Baking and butter were great therapy as I clung onto the redundancy rollercoaster

I was really taken aback by the reaction to the first post I sent out tentatively on Thursday night from the kitchen table. Thank you so much to everyone who took a peak, shared and commented.

Cooking is the most fantastic creative outlet for me. Kneading bread is very therapeutic and icing is plain good fun. Time in the kitchen really does have the power to make me feel good. Early on I discovered The Hairy Bikers’ Big Book of Baking in my local library. I had the book for so many weeks, renewing – and failing to remember to renew it – I finally took it back when I realised popping out to buy butter twice a week as I worked my way through the European recipes wasn’t sustainable long term. Our favourite recipes (so far) are their Scandinavian Tea Ring (160g butter) which tasted divine – photograph below before it went in the oven – and Romanian sweet bread (just 100g butter – my standard loaf only needs 20g butter so that puts the measure into perspective). There is a reason why Si King and Dave Myers went on to produce diet books. I find making something new intensely satisfying, and if I get any compliments from the team at home then up soars my morale. Now that you have time on your hands, can you spend some of it doing things you enjoy and know you’re good at? Would it help you get recognition from your friends and family?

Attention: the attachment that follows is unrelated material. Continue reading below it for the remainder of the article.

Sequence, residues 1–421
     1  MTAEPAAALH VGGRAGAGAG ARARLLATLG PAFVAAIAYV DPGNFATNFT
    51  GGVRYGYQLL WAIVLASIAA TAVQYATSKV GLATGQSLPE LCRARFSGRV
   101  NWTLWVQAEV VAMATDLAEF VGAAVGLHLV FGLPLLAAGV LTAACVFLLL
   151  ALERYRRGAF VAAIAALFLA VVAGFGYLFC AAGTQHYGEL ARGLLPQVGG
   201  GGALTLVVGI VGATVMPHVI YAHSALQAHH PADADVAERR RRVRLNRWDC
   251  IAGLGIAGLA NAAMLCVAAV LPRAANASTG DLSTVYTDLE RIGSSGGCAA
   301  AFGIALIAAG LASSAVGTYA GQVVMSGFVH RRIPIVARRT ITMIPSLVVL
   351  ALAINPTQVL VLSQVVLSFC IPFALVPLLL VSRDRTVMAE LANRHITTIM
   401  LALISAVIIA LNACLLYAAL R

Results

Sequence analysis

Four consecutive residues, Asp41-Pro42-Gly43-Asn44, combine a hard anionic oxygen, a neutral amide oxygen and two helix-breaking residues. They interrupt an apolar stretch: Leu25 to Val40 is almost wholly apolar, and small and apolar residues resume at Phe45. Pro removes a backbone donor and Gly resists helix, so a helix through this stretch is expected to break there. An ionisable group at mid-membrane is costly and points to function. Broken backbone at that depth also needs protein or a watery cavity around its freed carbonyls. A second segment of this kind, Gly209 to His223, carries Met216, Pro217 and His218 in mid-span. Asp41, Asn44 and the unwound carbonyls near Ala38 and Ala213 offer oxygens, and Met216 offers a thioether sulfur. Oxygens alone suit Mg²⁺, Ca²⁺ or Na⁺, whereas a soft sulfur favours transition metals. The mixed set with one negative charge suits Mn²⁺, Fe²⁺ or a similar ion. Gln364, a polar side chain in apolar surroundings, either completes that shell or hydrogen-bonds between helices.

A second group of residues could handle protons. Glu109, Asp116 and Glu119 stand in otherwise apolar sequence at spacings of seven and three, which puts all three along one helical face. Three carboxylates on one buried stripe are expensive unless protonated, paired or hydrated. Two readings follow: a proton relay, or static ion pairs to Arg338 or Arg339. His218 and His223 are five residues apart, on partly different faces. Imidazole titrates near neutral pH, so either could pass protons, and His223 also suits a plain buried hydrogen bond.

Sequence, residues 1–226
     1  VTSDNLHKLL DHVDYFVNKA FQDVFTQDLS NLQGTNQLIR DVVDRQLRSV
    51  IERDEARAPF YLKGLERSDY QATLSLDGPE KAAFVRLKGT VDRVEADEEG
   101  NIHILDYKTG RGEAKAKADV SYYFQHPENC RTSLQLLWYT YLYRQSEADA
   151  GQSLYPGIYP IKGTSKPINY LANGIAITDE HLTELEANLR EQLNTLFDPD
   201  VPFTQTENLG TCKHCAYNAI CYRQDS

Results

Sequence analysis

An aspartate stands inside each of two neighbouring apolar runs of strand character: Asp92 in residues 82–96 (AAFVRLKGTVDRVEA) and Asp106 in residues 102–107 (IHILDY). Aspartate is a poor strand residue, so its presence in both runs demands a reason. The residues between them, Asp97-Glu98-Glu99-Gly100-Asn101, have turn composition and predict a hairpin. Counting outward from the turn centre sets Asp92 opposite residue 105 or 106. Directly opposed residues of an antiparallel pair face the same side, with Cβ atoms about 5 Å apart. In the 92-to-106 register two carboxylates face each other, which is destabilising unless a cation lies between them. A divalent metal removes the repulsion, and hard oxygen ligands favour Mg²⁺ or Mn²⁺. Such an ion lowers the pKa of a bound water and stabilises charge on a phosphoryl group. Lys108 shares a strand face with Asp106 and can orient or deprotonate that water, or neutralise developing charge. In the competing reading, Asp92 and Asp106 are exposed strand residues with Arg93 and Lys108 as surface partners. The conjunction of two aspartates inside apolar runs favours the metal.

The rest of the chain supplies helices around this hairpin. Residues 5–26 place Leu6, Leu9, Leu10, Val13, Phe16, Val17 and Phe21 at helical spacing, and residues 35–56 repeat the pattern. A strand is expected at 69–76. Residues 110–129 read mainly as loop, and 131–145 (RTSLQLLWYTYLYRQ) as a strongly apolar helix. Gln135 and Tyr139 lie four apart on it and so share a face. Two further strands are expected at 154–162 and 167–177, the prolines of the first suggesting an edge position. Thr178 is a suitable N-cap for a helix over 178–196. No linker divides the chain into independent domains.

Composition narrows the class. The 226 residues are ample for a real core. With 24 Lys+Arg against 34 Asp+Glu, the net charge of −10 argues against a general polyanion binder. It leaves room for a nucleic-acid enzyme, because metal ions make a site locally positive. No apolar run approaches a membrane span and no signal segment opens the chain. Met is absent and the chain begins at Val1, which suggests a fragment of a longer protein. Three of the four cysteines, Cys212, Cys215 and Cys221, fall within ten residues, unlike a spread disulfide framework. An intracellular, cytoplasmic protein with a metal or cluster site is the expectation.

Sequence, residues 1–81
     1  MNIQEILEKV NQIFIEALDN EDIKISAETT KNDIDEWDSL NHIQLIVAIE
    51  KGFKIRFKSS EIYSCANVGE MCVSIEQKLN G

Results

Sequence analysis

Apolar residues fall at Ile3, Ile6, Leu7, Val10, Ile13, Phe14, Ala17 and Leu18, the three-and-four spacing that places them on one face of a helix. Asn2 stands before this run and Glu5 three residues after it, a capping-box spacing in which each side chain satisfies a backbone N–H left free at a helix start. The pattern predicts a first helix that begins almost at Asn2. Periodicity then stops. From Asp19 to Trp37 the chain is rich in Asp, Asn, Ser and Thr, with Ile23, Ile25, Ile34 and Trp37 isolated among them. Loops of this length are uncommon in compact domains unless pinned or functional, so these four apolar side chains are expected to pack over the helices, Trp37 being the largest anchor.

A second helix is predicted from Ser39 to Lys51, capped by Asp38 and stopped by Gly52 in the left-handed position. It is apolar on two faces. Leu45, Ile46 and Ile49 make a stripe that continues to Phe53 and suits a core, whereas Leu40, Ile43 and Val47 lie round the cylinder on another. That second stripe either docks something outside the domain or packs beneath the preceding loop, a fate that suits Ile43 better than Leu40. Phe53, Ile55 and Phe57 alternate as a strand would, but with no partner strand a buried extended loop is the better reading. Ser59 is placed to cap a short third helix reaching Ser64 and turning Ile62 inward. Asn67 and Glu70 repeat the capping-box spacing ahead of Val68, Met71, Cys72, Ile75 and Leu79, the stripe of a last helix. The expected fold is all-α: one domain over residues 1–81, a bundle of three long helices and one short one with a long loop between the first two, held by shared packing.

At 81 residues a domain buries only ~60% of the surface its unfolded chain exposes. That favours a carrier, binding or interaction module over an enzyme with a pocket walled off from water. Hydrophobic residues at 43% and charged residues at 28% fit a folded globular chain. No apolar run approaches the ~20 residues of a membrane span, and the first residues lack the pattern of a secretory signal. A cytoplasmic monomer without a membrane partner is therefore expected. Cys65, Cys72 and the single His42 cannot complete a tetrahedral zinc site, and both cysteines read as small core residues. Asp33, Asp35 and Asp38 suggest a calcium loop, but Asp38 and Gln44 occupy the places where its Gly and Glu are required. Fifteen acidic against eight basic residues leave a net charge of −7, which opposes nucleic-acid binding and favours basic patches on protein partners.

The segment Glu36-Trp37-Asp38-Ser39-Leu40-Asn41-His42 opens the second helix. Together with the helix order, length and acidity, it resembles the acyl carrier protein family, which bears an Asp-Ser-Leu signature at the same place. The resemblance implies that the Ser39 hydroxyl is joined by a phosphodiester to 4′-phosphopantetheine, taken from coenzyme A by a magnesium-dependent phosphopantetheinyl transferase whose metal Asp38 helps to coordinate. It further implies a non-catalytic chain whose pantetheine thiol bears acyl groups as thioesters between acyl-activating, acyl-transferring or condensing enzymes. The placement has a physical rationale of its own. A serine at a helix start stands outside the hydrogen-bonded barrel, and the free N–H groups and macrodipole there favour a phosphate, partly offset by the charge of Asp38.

Scandinavian Tea Ring
Redundancy made me feel lonely, guilty, resentful, envious, angry and very sad. It made me cry a lot. The feelings of rejection were overwhelming. People pointed me in the direction of Elisabeth Kübler-Ross’s stages of change, which shows what a rollercoaster it can be like and how it’s likened to bereavement. I had to smile and grit my teeth when what seemed like scores of people said it was the best thing that ever happened to them. When you’re in the throes of it all it might feel absolutely awful. A lot of people have helped me through. I bought a Moleskin book and asked colleagues to write a comment about something I’d done or said in the past that I could look at when I wasn’t on top form. It sounds naff I know but it really worked, and I’m so grateful that people took the time to do it. The darker days have passed for me and I’m enjoying looking forward to the future.

kubler-ross-stages-of-grief-diagram-214

Remember what I loved about my job. I kept a notebook on me and wrote a lot of things down after I left about the things I really enjoyed, and tried to work out from this what I might look for in a future role. Being a member of a team was a big part of my life, I was fortunate to lead a department and sit on the senior management team of the division. I realise increasingly that I flourish when I’ve people around me, to feed off, share snippets of excitement and good news with and I hope guide, inspire and energise. So both working for myself and on my own isn’t an option, I need to find a shared space and surround myself with creative people.

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